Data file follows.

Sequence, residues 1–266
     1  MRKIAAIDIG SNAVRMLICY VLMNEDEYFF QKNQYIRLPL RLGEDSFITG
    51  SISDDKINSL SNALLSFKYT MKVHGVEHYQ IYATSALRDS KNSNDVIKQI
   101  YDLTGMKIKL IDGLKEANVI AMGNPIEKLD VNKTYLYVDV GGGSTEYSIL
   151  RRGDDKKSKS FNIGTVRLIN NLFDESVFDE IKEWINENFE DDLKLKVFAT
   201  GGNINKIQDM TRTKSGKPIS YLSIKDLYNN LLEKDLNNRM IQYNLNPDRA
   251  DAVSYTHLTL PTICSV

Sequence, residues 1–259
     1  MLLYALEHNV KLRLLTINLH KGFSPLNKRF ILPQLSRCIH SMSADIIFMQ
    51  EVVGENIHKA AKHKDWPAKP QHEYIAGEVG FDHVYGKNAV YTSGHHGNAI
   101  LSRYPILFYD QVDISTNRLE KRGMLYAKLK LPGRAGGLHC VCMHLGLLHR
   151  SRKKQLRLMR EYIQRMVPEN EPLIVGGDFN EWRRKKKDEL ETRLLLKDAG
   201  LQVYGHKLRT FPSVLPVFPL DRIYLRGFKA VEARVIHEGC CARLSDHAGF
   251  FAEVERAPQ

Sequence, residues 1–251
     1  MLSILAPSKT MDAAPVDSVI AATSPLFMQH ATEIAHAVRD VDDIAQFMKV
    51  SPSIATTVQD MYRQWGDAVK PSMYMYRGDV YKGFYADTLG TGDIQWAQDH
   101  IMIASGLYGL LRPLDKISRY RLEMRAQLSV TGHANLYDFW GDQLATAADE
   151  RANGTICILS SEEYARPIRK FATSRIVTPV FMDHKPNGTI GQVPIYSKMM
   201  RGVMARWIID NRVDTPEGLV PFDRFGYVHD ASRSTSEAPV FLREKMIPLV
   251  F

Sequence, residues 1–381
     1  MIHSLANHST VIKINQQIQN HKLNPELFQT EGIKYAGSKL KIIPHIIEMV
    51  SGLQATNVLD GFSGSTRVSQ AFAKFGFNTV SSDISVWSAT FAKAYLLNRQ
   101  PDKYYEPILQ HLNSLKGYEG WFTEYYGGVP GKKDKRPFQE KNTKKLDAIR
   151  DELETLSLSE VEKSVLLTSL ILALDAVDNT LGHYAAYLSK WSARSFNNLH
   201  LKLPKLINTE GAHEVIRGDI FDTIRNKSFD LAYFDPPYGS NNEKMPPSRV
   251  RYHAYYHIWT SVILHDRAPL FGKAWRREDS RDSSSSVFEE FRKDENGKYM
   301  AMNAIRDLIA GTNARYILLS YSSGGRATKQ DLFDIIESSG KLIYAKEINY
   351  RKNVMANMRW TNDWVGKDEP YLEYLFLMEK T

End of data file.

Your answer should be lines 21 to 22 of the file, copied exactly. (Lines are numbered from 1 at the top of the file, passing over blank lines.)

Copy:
   251  F

Sequence, residues 1–381